Lost (and found) Bag in Matara, Sri Lanka - 2012

In early 2012 we were travelling on a bus from Tangelle to Matara along the South Coast of Sri Lanka. Just before we arrived in Matara I fell asleep and, when we arrived, I jumped off the bus, grabbed our big case and walked off the bus completely forgetting my day bag on the bus. That bag had US$2,000 worth of equipment and I did get it back.

Matara's greatest Tuk Tuk Driver - Sri Lanka
Mr. Mr. Jagath helped me find my bag(If in Matara and you need a Tuk Tuk, give him a call at 077-059-9844)

Lost & Found - A History of Goodness
Ever since I have been in Asia I have been amazed at the honesty of people in returning lost items. When I first arrived in Taipei in 1998 I remember being so jet lagged that I forgot my wallet with all my money and passport on a table in a coffee shop in Taipei Main Station. The waitress, who couldn't speak English, chased after me in the early morning rush hour to return it.

And when we lived in China, Queenie forgot her wallet with all her credit cards and bank cards in the park of the community in which we lived. After a few hours of searching and having given up hope of recovering it, the community's security guard knocked on our door with an old man in tow. The old man had found the wallet, taken it for safe keeping and reported it to the security guards. Nothing was missing: all the money and all the cards were returned.

(As a cautionary tale we haven't always been that lucky: when my father visited us in 2007 he lost his wallet in Hong Kong (he believes it was pick pocketed) and we couldn't recover it. However, that has been the exception and not the rule.)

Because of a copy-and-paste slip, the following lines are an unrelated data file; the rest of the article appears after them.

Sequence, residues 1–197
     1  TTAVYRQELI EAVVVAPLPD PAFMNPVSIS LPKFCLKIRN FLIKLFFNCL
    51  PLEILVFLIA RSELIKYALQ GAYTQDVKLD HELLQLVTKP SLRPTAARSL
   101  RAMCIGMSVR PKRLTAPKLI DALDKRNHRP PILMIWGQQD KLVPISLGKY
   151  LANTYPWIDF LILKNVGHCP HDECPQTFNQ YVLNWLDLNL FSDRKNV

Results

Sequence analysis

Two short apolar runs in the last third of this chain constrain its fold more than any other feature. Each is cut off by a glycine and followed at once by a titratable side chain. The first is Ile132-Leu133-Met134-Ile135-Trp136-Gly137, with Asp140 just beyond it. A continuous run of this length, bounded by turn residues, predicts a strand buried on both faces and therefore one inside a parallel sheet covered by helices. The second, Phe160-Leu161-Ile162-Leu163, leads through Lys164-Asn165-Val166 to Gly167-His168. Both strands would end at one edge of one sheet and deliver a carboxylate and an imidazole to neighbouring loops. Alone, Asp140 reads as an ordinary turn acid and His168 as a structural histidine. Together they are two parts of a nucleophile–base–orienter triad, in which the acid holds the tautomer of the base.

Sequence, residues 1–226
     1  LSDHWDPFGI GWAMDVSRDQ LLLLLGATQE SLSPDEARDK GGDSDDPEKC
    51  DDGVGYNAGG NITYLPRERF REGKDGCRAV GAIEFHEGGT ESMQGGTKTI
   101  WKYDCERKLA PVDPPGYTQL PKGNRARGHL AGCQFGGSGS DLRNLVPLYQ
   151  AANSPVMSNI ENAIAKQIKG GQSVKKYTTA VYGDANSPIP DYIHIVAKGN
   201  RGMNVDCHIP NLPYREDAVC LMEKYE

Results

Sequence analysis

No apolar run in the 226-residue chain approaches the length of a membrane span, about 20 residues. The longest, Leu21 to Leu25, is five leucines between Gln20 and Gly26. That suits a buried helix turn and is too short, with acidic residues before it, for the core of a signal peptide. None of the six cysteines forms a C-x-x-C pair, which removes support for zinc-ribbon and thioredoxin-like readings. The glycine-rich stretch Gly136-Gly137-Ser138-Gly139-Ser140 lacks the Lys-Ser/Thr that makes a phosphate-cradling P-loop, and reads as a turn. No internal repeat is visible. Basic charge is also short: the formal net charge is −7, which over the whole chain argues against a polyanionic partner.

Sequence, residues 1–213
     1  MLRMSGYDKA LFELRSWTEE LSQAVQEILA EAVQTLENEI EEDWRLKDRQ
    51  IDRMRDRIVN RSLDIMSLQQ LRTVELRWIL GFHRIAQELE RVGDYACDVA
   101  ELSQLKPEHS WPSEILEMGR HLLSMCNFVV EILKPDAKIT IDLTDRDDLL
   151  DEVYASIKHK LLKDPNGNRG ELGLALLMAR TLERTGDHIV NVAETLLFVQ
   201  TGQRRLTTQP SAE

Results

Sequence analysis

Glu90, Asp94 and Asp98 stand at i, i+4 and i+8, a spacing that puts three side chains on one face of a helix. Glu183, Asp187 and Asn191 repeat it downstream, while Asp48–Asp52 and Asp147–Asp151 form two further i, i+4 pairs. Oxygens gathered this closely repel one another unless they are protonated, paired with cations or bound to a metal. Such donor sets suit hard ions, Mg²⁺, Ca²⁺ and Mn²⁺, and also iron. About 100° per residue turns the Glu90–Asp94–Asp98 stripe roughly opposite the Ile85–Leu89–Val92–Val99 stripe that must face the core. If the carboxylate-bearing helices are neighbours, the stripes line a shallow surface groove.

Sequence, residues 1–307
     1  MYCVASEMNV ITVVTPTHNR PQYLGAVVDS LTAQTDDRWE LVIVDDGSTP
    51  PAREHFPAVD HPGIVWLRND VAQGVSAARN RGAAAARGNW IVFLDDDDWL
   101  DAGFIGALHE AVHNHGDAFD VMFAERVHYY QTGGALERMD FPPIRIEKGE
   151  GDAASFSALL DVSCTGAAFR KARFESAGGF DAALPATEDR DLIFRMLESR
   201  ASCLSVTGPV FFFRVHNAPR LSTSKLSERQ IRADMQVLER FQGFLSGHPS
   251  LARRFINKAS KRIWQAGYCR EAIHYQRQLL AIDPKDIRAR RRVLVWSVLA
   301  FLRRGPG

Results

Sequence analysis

Back to Matara, Sri Lanka
This story is summarized in the video below (if you really don't feel like reading)
Once again my hope and faith in humanity was given a boost of confidence in Sri Lanka. As mentioned above, we were on the bus from Tangelle to Matara. I fell asleep just before we arrived at the bus terminal in Matara. When I had gotten onto the bus I had put my day pack in the rack above the chair. The bag contained all our electronic equipment: cameras, video camera, mobile phone, kindle, ipod and all the chargers etc. Anyway, after we arrived at the terminal Queenie woke me up suddenly and without thinking I grabbed the big case and climbed off the bus. We walked accross the road from the terminal before I realized the day pack was missing!

Unfortuntaley all the buses look similarly strange and it was really tough to figure out which bus was the one we were on as it had already moved from where we got off. I started jumping on different buses trying to figure out which bus was the right bus but couldn't find it. I asked a couple of foreigners who had been with us on the bus and they didn't know either.

I was evidently distraught when Tuk Tuk driver Mr. Jagath came to my rescue. Mr. Jagath realized something was wrong and he approached me to ask if he could help. In a somewhat panicked state I mentioned to him that I had left my bag on the bus and from then on he dashed onto the buses with me trying to help me locate it. After a while he suggested that we go to another place 2km East of the terminal to see if the bus had parked there. All this while Queenie was standing on the side of the road wondering what happened to me.
We found Queenie and got the small bus tickets that the conductor had issued to us when we paid for the trip. With that, Mr. Jagath threw me onto his Tuk Tuk and off we went down the road to look for the bus. Unfortunately the bus wasn't there. Mr. Jagath showed our tickets to one of the other conductors who suggested the bus we had been on was destined for Colombo and Mr. Jagath told me I would have to rent a car to chase the bus. We decided to return to the bus terminal and report the missing bag to the police.